Earl L. ljames, who is a curator at the North Carolina Museum of History and who apparently used to be employed at the North Carolina Department of Archives and History believes that, “His is a hero’s service…. Him serving is really an incredible story.” By the way if ljames and members of the SCV and UDC are truly interested in honoring the service of North Carolina’s slaves than why not recognize the 5,000 plus that joined the Union army which has been documented extensively by Richard M. Reid in his new book, Freedom for Themselves: North Carolina’s Black Soldiers in the Civil War Era(University of North Carolina Press, 2008).
ljames goes on to suggest that “…this whole event vicariously honors the thousands of ‘colored Confederates’ who served in various capacities and never had a voice to express it.” For someone associated with a museum, and who one assumes has some credentials in the field, this is truly an irresponsible statement. Even more ridiculous is the claim that Weary Clyburn and the son of the man who owned him were “best friends”, which is “not an uncommon story.” What does “uncommon” actually mean in this context and what does the concept of friendship mean between slave and slaveowner?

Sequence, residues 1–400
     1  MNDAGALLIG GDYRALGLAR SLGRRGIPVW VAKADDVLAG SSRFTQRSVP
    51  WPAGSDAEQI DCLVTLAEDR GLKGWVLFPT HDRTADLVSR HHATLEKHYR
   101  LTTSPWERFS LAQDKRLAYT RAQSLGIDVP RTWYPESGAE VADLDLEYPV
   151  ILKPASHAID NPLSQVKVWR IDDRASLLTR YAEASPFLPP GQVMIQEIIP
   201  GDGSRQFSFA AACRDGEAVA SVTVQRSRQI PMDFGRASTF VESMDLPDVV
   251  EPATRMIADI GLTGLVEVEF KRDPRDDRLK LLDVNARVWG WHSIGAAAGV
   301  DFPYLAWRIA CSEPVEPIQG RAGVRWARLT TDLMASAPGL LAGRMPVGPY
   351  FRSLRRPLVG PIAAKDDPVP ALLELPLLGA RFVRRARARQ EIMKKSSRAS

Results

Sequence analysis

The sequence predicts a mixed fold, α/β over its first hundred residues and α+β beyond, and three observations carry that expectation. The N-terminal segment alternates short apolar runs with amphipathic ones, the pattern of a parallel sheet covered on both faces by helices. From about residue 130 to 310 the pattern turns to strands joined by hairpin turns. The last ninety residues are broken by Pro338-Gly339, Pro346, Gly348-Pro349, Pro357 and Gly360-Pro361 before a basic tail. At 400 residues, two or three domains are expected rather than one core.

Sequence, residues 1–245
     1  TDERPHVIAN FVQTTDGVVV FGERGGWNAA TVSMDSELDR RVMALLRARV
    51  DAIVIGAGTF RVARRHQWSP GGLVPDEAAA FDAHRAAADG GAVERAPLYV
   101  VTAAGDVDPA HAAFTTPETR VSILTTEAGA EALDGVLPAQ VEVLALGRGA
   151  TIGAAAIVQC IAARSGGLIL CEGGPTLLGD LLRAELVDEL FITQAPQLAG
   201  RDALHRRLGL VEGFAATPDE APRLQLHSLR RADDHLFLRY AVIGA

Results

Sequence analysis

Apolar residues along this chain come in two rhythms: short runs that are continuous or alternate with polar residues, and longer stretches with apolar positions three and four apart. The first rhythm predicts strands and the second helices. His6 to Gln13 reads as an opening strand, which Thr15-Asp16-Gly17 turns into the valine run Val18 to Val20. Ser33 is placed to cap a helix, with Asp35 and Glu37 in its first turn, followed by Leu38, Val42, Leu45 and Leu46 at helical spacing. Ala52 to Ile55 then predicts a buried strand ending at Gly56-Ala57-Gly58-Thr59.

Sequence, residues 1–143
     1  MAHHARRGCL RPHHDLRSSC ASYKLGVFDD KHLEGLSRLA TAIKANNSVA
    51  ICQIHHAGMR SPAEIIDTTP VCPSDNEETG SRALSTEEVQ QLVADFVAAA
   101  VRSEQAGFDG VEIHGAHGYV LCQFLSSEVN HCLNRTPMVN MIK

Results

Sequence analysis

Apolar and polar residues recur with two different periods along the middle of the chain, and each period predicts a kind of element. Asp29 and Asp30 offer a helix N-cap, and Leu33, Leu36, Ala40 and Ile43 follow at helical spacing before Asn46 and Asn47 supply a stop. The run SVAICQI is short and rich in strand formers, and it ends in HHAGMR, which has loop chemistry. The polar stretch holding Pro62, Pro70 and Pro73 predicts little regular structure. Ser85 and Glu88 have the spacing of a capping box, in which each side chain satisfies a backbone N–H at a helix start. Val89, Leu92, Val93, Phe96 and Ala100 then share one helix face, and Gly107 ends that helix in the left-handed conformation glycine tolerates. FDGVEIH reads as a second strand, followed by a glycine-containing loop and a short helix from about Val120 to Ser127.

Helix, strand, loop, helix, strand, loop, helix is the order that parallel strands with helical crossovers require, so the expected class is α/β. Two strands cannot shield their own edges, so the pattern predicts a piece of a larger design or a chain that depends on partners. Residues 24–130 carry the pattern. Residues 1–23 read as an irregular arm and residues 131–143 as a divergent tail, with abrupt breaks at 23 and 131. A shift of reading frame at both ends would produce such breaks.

I don’t have the patience to go on. All I can say is that we can be thankful that ljames no longer works at the NCDAH. Apparently, Clyburn’s descendants will hold a news conference following the celebration. I will keep you posted.